This dining room table is English and was built sometime after 1864 and perhaps as late as 1890. By looking at similar pieces I would put it around 1870. The table has a distinctive feature called a screw expander. A screw expander is a device which is mounted under the table which expands the table to accommodate additional leaves. The screw expander consists of a long screw which is inserted into a long tube nut. The screw is turned by means of a crank which is attached to the end of the screw through the apron of the table. By turning the crank counter clockwise the table expands. Turning it clockwise tightens the table. The table is on large casters to allow it to move freely.
Prior to this Victorian innovation leaves for tables were clipped into place or held by boards that were slid into place on the underside of the table. After that came the wooden telescoping runner system which are still seen today on most expanding tables. The use of the screw expander allows one person to easily open and close the table. All other systems usually need a person at either end to add leaves to the table.
The earliest mention in literature of the screw expander I have found is in a book first published in 1853 entitled The Cabinet- Maker's Assistant originally published by Blackie and Son publishing (now available from Dover press). It has an entire page dedicated to this mechanism and shows drawings of the basic joinery of this table.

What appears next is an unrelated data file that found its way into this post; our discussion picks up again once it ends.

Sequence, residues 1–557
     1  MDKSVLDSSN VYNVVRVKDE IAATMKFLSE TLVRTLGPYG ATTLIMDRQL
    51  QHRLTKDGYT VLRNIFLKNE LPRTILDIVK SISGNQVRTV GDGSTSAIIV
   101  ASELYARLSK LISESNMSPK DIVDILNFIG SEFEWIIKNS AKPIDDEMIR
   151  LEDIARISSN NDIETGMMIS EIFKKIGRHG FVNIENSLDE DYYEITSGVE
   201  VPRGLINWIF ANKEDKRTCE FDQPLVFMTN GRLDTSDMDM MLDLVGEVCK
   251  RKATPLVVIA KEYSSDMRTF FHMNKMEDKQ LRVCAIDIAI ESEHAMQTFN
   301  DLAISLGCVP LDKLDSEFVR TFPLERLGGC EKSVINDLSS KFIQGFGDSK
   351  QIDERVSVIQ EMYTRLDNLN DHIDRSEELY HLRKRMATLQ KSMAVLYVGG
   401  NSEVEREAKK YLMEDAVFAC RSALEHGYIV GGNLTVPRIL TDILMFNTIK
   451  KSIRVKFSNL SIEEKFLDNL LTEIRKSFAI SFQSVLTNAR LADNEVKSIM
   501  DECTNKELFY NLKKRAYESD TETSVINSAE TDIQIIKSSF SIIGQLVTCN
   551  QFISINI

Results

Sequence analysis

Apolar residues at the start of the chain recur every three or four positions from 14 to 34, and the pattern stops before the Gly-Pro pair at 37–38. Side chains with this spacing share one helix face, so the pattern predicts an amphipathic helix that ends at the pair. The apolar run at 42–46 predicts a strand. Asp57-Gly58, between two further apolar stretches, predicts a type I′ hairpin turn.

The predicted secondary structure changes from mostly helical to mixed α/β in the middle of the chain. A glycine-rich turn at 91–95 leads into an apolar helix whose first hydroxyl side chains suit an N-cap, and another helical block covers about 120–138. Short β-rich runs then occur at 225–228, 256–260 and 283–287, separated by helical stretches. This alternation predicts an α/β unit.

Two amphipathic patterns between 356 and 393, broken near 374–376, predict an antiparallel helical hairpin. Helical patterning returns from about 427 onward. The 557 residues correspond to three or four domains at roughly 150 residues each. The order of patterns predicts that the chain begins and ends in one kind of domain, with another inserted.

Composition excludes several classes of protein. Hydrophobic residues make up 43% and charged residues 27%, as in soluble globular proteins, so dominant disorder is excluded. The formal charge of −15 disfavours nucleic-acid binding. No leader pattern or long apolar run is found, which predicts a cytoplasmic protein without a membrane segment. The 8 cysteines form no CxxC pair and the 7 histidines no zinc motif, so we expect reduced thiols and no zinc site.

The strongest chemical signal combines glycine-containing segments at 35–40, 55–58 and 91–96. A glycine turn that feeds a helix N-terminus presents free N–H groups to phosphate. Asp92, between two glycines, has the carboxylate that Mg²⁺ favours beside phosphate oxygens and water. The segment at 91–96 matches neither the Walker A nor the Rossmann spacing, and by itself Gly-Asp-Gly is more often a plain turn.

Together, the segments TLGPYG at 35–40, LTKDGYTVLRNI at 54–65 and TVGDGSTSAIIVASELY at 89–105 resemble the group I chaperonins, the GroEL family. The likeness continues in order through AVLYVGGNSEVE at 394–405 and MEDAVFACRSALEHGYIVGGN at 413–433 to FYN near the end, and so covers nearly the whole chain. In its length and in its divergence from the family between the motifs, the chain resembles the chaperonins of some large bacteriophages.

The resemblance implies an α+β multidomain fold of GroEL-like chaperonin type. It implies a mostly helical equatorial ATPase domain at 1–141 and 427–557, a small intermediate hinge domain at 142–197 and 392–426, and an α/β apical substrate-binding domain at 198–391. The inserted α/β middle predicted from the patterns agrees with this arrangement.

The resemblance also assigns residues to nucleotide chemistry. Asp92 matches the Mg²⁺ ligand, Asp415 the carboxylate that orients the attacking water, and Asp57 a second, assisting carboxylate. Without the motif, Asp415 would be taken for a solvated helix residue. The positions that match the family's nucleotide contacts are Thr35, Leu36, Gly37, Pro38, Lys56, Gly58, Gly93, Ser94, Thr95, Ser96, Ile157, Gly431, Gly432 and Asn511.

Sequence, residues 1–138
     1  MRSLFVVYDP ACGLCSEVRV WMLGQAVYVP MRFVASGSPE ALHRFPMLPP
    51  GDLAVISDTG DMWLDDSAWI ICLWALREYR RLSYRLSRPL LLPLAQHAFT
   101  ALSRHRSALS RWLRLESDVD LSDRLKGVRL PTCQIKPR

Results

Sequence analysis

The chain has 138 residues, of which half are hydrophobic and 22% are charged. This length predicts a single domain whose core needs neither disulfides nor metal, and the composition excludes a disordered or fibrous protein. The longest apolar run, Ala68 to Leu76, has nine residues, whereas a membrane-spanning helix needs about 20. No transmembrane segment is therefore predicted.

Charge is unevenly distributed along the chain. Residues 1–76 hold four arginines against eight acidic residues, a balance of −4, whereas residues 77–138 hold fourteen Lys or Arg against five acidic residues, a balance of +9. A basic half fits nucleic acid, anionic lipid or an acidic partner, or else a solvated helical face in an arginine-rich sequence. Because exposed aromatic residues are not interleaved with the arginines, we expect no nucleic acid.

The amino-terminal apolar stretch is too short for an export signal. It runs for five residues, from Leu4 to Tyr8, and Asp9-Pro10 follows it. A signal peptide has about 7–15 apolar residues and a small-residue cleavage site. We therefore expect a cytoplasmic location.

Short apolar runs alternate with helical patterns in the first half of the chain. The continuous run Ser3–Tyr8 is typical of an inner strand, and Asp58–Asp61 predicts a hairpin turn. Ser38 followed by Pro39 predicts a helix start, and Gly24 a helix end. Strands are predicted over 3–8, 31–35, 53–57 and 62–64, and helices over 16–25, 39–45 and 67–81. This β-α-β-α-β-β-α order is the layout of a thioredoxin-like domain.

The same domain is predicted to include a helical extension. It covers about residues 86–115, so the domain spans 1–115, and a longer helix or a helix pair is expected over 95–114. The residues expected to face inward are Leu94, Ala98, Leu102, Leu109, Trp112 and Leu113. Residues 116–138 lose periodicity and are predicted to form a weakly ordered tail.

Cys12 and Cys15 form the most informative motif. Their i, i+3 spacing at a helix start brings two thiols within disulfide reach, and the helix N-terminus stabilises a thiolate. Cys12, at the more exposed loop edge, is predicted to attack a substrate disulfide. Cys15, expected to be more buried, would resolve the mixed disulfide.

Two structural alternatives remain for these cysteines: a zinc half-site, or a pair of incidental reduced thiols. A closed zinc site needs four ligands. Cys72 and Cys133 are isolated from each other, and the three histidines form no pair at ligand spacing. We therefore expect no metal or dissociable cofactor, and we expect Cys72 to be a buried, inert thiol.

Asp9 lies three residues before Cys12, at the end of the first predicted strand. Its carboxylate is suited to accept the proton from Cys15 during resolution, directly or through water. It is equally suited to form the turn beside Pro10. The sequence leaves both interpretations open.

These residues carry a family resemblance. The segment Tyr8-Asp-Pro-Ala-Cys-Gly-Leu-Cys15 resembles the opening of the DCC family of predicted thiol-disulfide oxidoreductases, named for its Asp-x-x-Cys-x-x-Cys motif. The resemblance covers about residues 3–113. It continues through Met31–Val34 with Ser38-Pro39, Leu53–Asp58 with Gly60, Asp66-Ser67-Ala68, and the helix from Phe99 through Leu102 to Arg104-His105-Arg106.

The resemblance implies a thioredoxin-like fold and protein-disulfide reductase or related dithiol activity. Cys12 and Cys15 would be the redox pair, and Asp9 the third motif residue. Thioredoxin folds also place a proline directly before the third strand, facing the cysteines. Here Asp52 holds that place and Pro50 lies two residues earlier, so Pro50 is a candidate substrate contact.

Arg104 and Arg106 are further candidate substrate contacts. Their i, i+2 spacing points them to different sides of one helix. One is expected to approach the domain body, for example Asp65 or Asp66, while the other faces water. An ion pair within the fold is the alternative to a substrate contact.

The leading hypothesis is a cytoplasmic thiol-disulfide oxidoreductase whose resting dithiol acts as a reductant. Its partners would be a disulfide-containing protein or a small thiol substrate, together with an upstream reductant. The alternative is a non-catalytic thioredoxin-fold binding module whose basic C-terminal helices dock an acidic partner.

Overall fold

A man by the name of Samuel Hawkins applied for a patent on a screw expander (English Patent# 1430) on June 6th, 1861. Presumably, Mr. Hawkins either died or retired because his business was taken over by young machinist named Joseph Fitter (b. 1842) in 1864. Based on an advertisement for these screw expanders it is presumed that Mr. Hawkin's went into business in 1846.
At any rate, Joseph Fitter operated a machinist shop where he produced screw expanders as well as screw expanders for piano stools and other applications at 210 Cheapside, Birmingham England by the name of Britannia Works.
I found several examples of tables using this device made from materials such as Oak, Mahogany, and Walnut. What is interesting about this table is that it is made from a variety of woods. The top surface of the table as well as three of the four apron surfaces appear to be made of Poplar. This is interesting to note because Poplar is an American wood traditionally used as a secondary wood in cabinets. The fourth apron surface (the one the crank goes through) is made of Pine. the legs of the table are made of Honduran Mahogany.
The entire table was stained to a Mahogany color and the stain had faded on the top surface (except the leaf which must have been stored). The finish on the table was scratched and was overall in bad shape so I decided to remove it and start from scratch. Above is a photo of the table as it came to me. The photos below are of the label bearing the name of Joseph Fitter and the table with the finish removed. The final photo is of an advertisement for Joseph Fitter screw expanders.